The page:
Christians are supposed to think to believe that medical intervention is a way of respecting God’s command for people to seek medical treatment and not as a lack of faith. In Matthew 9: 12, Jesus meant that his disciples were free to look for medical treatment when he said that individuals in good health do not require a physician but ailing individuals need a physician. God does not command Christians to keep away from medicine or to refuse surgery Benchmark – Patient’s Spiritual Needs: Case Analysis. In a real sense, medical knowledge is praised as a God’s gift to benefit his people. Thus Christians have the obligation of seeking medical care as a way of honoring God with their bodies and respecting their bodies as the temple that God gave them (1 Corinthians 6:19-20).
As a Christian, Mike should allow James to undergo the required medical intervention with the belief that God uses health care professionals to heal people. By allowing his son to undergo treatment, it will not mean that God will not heal his son by the prayers, but it means that God can and at times choose to cure those who are sick, but He also expects His people to utilize the provisions that He has provided for them to utilize. After all, doctors treat but God heals.
To honor the beneficence principle, Mike must reflect on his son’s condition and see that a kidney transplant will do him go and save his life. Mike should view beneficence as the conventional function of the medical doctor as the Good Samaritan who comes to the help of the sick and relieves suffering and pain. Benchmark – Patient’s Spiritual Needs: Case Analysis Mike should honor the non-malfeasance principle by observing that accepting a kidney transplant for his son will not be meant to harm or provide an undue burden to his faith, but it will heal his son. He should uphold his trust that through God’s intervention, James will be healed. By permitting the physician to perform a kidney transplant while continuing praying, Mike’s trust in God as the healer, his trust in God will not be shaken.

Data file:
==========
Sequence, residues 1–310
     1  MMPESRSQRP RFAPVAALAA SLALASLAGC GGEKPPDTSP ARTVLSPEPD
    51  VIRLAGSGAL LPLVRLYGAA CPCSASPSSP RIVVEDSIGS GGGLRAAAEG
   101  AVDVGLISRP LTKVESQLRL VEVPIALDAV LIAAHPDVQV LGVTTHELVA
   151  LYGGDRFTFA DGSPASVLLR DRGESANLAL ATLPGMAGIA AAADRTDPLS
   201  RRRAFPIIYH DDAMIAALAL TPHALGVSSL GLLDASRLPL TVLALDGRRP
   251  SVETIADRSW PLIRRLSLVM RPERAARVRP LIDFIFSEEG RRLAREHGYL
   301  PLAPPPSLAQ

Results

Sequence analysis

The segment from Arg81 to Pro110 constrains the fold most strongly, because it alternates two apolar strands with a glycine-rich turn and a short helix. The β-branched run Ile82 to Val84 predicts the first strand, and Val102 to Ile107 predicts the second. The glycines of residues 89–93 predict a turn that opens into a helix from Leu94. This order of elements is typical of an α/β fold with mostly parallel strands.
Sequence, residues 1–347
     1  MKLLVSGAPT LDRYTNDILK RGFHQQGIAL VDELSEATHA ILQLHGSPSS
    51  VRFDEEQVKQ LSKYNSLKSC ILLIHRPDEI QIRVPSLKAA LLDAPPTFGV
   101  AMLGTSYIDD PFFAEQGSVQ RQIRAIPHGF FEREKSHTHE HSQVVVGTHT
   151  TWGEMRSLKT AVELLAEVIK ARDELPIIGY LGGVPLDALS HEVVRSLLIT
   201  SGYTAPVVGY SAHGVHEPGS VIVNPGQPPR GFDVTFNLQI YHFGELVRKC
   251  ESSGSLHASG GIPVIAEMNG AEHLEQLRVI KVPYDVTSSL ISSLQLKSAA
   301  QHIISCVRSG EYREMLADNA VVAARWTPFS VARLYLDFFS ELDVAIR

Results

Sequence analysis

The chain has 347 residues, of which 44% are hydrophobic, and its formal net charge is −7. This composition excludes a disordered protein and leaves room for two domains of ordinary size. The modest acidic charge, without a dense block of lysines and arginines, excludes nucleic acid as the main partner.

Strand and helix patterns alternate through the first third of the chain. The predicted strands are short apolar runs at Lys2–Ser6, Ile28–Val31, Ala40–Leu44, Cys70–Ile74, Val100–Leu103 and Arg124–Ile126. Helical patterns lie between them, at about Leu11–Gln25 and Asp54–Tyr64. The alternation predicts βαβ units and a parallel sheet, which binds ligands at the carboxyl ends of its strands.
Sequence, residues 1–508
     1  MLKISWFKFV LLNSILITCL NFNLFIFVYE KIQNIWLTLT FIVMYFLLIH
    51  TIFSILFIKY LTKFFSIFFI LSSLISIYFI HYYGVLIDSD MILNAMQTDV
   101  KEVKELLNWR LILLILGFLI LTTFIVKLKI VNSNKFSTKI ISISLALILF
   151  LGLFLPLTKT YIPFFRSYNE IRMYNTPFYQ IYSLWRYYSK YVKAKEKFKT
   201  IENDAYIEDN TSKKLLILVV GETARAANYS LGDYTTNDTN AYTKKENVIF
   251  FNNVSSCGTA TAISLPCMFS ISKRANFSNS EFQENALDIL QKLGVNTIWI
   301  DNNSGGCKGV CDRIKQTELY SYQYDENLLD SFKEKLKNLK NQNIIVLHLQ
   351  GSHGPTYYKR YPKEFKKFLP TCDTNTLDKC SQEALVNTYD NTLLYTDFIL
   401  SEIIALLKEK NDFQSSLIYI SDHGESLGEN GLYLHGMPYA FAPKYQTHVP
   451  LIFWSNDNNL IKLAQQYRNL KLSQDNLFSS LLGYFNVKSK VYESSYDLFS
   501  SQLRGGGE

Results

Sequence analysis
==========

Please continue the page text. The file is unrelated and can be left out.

How A Spiritual Needs Assessment Would Help
A spiritual needs assessment would assist the physician to assist Mike to determine suitable interventions for James and his family members and others involved in the care of James by allowing the physician identify their spiritual needs as they pertain to medical care and to use interventions that will be respectful and responsive to their spiritual beliefs. According to Isaac et al (2016), a spiritual assessment offers a context for discussing the experiences of patients and their families in coping with diseases and beliefs that may contradict medical decisions.
The measures required for spiritually assessing the patient or client include supporting spiritual beliefs, organizing the resources as well as participating in spiritual activities. After the physician has identified the spiritual and religious needs of James’s parents, family and church members, are identified, the decision should be made based on whether the physician is capable of satisfying their spiritual needs or James should be referred to a spiritual or religious person. Isaac et al (2016) assert that since the role of the physician is not to offer spiritual guidance, physicians should patients or their family members to suitable pastoral care so as to address spiritual needs that emerge. Chaplains might be in a better position to offer information to patients and those involved in their care about health risks along with the significance of being more actively interested in their health Benchmark – Patient’s Spiritual Needs: Case Analysis.
Isaac, K., Hay, J., & Lubetkin, E. (2016) Incorporating Spirituality in primary Care. Journal of Religion and Health, 55(3), 1065-1077.
Katz, A. & Webb, S. (2016). Informed Consent in Decision-Making in Pediatric Practice. Pediatrics, 138(2) e20161485.
Rumun, A. (2014). Influence of religious Beliefs on Healthcare Practice. International Journal of Education and Research, 2(4), 37-48. Benchmark – Patient’s Spiritual Needs: Case Analysis
PHI 413V Topic 5 Assignment | Benchmark Patient's Spiritual Needs Case Analysis
- Institution(s): Grand Canyon
- Year Published: 2022
- Digital Download: Instant